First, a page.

The situation is still fluid because Skype recently broke off from eBay and Avaya has acquired important telecommunications assets from bankrupt Nortel Networks. But Avaya CEO Kevin Kennedy said in recent days that Skype and Avaya have been talking about an arrangement.
The two companies are dominant in their respective fields -- Skype in VoIP communications and Avaya in enterprise business communications. Skype's users are primarily individual consumers, but it has been gradually moving into business communications. A partnership with Avaya could bolster its move into enterprise calling markets.
One potential stumbling block could be over the session initiation protocol-based standard, which Avaya utilizes in its Aura infrastructure. Skype hasn't embraced SIP, although workarounds could help overcome incompatible infrastructures. Help could also come from Avaya's acquisition of Nortel networking properties.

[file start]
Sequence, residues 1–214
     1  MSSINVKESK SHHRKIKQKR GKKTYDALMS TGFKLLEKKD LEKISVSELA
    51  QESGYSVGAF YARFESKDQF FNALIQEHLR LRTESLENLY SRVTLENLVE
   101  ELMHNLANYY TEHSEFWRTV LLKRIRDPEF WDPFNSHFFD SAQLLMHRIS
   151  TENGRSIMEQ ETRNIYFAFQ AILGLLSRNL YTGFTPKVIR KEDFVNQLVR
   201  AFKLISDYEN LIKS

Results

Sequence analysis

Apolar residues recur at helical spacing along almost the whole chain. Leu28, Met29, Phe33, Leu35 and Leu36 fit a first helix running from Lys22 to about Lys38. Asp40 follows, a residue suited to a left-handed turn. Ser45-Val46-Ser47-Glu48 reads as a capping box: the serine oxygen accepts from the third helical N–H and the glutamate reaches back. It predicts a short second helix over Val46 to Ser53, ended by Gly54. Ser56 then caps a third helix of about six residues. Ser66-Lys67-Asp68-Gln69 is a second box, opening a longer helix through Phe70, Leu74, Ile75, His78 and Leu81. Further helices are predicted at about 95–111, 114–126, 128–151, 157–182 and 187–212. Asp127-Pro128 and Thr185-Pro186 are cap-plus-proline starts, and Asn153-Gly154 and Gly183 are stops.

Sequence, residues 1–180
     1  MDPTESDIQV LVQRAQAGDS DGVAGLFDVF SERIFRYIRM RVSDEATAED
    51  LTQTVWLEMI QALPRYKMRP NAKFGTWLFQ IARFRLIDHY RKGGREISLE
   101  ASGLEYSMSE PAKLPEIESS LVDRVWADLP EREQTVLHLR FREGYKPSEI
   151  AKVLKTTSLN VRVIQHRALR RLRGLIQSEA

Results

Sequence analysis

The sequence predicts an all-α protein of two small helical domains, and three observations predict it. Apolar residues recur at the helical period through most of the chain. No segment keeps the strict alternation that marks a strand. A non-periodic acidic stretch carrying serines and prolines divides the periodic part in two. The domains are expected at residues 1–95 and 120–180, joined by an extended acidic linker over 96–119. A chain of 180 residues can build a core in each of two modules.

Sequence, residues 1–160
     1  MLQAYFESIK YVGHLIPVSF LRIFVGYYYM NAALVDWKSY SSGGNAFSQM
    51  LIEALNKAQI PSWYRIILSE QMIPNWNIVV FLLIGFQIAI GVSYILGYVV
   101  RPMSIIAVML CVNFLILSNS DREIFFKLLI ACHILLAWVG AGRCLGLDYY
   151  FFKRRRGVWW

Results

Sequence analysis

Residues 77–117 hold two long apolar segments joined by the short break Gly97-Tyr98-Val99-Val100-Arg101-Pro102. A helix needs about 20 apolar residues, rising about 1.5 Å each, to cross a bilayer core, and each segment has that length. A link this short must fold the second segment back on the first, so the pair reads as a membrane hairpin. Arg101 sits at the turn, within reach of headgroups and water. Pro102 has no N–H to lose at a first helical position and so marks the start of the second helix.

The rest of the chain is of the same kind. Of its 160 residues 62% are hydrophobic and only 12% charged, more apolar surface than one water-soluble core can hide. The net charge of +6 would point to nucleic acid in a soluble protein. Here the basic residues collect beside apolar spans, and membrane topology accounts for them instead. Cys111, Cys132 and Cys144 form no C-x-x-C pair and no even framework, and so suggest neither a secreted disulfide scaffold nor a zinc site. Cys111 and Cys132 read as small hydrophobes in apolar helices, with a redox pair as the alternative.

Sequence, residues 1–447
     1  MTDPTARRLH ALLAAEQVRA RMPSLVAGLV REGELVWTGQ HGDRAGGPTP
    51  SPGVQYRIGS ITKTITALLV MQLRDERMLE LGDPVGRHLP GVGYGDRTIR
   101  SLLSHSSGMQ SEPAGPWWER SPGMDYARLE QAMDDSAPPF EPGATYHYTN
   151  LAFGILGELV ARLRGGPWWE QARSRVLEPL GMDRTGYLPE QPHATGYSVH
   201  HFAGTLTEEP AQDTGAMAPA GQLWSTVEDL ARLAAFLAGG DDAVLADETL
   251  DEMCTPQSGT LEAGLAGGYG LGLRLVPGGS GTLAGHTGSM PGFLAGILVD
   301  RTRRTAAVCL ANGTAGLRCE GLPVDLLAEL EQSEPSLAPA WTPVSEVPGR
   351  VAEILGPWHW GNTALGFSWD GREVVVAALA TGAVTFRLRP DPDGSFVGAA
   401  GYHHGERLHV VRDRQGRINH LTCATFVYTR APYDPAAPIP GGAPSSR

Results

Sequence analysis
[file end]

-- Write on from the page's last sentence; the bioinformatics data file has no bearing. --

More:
When Silver Lake and TPG Capital acquired Avaya in 2007, Silver Lake's David Roux took note of the former AT&T/Western Electric unit's capability to participate in the delivery of VoIP. Roux, a co-founder and managing director of Silver Lake, said Avaya could "deploy advanced IP communications solutions as a source of competitive advantage for customers."
Avaya's recent $900 million acquisition of Nortel's Enterprise Solutions unit further strengthens its potential VoIP hand.
Silver Lake was a major investor in the $1.9 billion transaction that spun out Skype from eBay. Skype's revenue has continued to grow in recent months, and eBay has estimated that Skype revenue will surpass $1 billion in 2011.